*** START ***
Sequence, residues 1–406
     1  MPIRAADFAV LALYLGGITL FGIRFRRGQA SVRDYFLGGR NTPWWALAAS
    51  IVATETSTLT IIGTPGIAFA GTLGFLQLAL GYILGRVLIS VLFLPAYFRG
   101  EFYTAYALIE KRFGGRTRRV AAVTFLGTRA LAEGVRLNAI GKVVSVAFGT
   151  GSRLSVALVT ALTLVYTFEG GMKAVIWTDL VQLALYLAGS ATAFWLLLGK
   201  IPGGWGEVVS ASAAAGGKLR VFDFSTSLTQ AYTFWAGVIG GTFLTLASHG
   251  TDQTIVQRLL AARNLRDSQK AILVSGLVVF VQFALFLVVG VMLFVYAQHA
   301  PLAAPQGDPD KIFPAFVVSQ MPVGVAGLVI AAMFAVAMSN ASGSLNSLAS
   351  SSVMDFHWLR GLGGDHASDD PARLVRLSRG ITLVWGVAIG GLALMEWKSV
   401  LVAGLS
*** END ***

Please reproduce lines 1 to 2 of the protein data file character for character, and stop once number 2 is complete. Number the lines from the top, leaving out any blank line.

Sequence, residues 1–406
     1  MPIRAADFAV LALYLGGITL FGIRFRRGQA SVRDYFLGGR NTPWWALAAS